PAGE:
2018 is a big election year for the state of Georgia. But if you are anything like me, you are usually too busy to pay as much attention to local politics as you should. So, to make things easier, I have started a series to pick apart each candidate’s pros and cons.
With introductions out of the way, meet Republican and State Senator Josh McKoon.
Professionally, McKoon has worked as an attorney for the firm of McKoon & Associates and for Page, Scrantom, Sprouse, Tucker & Ford, P.C.
But everything changed in 2009, according to his campaign website, when McKoon faced the Georgia Supreme Court to defend pro-bono, a group of local citizens who felt their tax dollars were mishandled by local government officials. This case eventually pushed him into getting involved in politics, so he could “hold Government accountable to its citizens.”
In 2011, he became a state senator for District 29, Muscogee, Harris, Troup, and Meriwether Counties. Since being elected, McKoon has “passionately focused his efforts on furthering government transparency and accountability, which included ethics reform, as well as more transparency through the legislative committee process.”
In practice, he has introduced and campaigned for a now-passed bill that limits lobbying gifts to state officials. McKoon has also improved transparency in the committee process. Because of his work, conference committee reports are required a 24-hour review period before any vote is taken on proposed legislation, and a $400,000 budget expenditure has been allocated to wire every Senate committee room with video recording technology to live-stream meetings in real time.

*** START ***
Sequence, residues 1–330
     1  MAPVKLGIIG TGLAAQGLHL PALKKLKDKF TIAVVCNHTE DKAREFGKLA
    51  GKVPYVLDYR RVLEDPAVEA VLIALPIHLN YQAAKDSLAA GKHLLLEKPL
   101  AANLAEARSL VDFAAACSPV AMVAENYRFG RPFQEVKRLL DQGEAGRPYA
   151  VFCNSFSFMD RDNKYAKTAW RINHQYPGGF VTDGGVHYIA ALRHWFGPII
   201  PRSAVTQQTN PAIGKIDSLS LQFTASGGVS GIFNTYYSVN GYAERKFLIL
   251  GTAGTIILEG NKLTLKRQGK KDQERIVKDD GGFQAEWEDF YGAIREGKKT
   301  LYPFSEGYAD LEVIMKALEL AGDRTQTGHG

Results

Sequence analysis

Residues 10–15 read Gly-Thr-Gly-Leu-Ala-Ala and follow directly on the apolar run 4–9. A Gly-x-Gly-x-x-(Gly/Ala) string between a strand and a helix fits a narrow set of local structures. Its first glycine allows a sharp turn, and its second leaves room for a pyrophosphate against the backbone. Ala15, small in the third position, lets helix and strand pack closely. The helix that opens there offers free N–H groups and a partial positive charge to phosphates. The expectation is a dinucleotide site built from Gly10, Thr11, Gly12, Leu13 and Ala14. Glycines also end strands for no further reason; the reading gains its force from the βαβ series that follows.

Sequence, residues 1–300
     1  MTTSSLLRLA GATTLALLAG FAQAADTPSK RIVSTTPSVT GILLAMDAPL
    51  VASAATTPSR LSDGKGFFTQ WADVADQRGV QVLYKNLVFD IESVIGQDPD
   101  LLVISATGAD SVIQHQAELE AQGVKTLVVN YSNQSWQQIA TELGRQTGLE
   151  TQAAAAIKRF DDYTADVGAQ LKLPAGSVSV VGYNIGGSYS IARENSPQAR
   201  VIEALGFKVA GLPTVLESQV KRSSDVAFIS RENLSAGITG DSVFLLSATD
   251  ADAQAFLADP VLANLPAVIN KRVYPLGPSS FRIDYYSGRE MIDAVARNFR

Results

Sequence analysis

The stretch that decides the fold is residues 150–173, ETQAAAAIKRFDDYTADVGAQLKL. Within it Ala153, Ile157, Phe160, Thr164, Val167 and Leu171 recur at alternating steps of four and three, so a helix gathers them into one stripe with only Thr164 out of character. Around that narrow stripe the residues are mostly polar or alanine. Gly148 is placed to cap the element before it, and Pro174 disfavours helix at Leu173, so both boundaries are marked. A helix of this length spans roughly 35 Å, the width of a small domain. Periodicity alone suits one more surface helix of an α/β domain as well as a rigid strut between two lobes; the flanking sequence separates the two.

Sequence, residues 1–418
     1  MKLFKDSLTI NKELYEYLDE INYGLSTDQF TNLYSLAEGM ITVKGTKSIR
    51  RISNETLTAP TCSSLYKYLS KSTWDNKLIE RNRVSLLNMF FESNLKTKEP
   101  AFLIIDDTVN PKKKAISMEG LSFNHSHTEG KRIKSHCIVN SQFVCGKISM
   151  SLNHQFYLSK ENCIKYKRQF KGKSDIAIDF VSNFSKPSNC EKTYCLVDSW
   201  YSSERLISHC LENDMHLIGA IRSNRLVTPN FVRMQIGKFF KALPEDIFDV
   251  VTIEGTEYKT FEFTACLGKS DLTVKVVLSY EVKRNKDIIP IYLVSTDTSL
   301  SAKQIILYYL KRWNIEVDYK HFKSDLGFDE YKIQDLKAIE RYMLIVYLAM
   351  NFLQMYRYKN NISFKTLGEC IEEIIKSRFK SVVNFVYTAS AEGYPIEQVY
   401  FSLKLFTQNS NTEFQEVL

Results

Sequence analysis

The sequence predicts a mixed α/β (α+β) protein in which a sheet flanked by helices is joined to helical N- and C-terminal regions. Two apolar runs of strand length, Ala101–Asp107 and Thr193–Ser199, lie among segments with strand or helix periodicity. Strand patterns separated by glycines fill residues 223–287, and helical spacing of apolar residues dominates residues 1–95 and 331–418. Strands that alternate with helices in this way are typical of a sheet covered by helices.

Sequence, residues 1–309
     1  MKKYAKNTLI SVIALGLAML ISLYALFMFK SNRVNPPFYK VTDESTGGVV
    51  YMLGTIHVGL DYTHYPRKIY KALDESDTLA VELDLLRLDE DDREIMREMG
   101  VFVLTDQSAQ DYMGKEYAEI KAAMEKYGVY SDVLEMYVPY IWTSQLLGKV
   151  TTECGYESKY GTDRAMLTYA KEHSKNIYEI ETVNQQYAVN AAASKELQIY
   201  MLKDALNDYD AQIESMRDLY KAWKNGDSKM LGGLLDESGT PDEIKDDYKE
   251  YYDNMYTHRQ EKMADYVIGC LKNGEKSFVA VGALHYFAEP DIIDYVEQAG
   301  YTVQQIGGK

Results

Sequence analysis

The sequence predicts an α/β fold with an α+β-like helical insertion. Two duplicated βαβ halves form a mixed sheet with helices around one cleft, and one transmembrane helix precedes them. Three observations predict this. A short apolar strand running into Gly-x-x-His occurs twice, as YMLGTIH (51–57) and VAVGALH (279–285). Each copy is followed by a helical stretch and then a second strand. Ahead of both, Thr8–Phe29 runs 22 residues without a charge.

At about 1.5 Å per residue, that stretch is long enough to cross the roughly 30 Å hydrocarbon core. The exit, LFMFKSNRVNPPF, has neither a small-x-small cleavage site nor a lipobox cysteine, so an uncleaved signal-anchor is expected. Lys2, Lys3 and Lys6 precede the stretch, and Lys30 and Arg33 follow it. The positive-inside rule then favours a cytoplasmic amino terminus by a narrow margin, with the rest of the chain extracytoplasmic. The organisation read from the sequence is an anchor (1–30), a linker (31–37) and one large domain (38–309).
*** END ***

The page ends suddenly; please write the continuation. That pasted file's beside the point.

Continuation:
After the “tumultuous” 2016 election cycle and its media reports of election tampering, fraud, and illegal vote allegations, McKoon has decided to run for Secretary of State to “do his part in preserving and defending the bedrock principals of which our nation was founded – ensuring that Georgia elections are honest and fair.”
If elected, McKoon promises in his bulleted list to:
• Prevent illegal immigrants from improperly voting.
• Require photo ID for every vote cast.
• Reform the licensure process to make it easier for Georgia’s citizens to start and grow their own business.
• Implement a database to track all state expenditures.
If McKoon sounds the candidate for you, the elections will be held on November 6.